Changing the Conversation on Suicide
Before 1961, anyone who endeavoured and failed to take their own life in England and Wales could be prosecuted; an outdated decree reflecting supposed Christian ideas about the immorality of suicide. The Suicide Act 1961 changed this; however, “committed suicide” remains a common expression, often printed in newspapers or one that we hear in conversations to describe an individual who has sadly taken their own life. However, the linguistics has caused recent debates about the negative connotations attached to this phrase. The word “committed” assumes some kind of criminality, wrongdoing or sinfulness on the part of the individual; wherein reality, suicide is a manifestation of extreme mental distress or intolerable pain.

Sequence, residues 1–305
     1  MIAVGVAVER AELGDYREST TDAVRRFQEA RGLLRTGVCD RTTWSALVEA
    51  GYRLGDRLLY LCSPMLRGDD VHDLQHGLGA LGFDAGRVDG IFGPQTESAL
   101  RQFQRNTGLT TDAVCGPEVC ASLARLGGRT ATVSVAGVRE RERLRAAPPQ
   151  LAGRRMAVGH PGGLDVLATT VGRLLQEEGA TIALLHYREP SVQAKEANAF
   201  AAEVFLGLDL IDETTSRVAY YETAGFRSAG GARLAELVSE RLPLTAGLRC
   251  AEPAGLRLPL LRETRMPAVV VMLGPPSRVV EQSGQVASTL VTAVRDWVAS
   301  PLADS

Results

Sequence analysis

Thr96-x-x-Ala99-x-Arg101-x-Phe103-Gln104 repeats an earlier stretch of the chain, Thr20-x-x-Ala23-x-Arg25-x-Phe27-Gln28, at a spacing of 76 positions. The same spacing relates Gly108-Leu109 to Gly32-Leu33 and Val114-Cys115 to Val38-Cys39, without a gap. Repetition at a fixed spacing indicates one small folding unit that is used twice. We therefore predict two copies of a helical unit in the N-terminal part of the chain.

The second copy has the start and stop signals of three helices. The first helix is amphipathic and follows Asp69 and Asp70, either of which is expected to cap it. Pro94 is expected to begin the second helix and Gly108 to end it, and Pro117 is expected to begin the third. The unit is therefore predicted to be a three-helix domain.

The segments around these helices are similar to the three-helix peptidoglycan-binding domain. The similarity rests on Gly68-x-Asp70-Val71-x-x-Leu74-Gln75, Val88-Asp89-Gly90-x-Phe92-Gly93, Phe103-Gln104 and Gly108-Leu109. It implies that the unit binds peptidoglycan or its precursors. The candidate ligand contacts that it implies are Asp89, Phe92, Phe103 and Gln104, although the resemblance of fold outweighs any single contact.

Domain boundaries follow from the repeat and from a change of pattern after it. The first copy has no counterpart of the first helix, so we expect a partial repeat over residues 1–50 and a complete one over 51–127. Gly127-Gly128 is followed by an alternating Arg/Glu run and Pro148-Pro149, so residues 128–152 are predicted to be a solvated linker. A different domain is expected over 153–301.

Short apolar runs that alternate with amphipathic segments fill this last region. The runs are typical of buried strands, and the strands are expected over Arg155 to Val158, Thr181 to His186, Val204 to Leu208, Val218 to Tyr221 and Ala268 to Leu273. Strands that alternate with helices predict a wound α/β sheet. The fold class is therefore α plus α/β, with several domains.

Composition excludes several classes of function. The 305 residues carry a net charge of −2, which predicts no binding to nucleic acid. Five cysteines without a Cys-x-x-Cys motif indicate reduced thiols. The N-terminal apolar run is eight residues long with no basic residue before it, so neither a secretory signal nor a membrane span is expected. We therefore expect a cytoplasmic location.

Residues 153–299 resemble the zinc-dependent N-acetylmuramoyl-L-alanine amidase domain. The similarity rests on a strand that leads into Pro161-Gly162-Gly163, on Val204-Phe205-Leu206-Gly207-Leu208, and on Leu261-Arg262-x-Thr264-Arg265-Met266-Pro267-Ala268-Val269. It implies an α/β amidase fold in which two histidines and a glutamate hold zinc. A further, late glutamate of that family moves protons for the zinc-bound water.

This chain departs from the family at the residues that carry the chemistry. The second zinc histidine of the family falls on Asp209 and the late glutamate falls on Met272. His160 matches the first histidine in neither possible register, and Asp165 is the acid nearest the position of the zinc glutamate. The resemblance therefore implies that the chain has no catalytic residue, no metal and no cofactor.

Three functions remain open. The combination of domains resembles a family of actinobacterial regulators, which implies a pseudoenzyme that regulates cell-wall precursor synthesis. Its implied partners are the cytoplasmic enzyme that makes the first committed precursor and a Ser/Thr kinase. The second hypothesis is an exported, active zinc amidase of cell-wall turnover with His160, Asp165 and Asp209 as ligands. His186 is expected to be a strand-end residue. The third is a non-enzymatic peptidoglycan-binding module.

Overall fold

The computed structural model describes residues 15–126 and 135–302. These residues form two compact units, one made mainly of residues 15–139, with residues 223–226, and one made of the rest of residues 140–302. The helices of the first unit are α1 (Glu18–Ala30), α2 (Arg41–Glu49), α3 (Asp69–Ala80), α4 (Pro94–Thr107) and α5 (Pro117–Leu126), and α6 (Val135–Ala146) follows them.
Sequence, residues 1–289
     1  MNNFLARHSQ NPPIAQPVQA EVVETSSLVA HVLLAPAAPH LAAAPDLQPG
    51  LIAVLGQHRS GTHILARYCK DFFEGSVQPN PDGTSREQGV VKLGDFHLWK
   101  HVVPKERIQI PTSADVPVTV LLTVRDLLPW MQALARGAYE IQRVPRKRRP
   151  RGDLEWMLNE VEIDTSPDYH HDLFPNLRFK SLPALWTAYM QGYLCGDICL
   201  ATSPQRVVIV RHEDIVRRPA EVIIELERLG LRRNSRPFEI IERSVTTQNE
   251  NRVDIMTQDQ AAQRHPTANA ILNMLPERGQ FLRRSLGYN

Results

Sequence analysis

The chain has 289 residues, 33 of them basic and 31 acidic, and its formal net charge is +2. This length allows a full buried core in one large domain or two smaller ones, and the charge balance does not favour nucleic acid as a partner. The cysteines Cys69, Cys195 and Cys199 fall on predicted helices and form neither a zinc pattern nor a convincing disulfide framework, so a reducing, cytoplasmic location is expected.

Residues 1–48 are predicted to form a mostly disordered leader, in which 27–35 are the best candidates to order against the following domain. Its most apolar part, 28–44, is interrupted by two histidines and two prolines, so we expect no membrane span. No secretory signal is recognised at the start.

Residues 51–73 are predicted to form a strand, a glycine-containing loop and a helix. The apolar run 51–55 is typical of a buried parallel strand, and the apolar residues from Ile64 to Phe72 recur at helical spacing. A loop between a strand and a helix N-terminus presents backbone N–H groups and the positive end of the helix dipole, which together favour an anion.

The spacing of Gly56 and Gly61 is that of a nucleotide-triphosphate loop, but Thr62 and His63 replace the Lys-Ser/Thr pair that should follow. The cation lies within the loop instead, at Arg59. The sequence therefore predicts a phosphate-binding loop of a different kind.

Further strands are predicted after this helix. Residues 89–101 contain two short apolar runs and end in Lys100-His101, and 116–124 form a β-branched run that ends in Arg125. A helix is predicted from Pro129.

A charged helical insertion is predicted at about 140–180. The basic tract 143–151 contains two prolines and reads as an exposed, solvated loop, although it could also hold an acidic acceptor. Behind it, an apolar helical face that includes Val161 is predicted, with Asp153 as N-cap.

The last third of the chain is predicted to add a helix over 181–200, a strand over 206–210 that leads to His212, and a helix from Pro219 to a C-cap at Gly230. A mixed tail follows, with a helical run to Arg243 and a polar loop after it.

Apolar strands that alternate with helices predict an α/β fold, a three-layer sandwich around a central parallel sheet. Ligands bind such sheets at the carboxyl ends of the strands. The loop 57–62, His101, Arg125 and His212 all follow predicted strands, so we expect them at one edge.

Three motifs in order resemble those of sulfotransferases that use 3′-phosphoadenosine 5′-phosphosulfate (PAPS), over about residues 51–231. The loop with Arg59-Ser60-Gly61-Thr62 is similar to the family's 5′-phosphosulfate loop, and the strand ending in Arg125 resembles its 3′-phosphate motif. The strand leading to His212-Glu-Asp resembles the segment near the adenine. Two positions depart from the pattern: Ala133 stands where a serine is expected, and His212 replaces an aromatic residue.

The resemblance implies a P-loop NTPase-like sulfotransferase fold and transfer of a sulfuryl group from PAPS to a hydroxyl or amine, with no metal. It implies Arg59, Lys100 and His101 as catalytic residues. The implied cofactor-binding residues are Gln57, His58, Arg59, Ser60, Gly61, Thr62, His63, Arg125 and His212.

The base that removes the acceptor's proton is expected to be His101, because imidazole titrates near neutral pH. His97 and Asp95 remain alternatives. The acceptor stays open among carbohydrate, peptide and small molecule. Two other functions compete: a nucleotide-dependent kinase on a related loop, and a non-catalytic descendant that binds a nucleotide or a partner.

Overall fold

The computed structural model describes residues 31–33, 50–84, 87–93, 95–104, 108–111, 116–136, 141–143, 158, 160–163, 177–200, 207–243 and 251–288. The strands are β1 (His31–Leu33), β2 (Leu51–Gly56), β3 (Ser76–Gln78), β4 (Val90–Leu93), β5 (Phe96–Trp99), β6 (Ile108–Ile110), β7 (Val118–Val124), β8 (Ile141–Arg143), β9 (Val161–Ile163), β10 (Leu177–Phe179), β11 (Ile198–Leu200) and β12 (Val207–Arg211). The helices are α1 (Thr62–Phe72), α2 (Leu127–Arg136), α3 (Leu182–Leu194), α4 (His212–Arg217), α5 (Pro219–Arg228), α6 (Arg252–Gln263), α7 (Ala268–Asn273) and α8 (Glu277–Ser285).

For the world suicide day, which took place on the 10th September, charities, celebrities and mental health campaigners called for an end to this outdated phrase. 150 public figures including the likes of Stephen Fry and Sadiq Khan signed an open letter, written by Labour MP, Luciana Berger and Journalist and bestselling author Bryony Gordon, beseeching the media to think more tactfully about how suicide is portrayed to avoid such outdated mental health stereotypes.
Representing suicide as law breaking or corruption contributes to the stigma still shrouding mental health illness, and could potentially prevent those who need help from reaching out. Suicide is a complex and delicate issue, and the reasons behind it cannot be quantified or generalised into one phrase.
We should do our part to think carefully about how we talk about suicide and mental health to change the conversation. The Samaritans have published some helpful and much needed guidelines on discussing suicide on their website.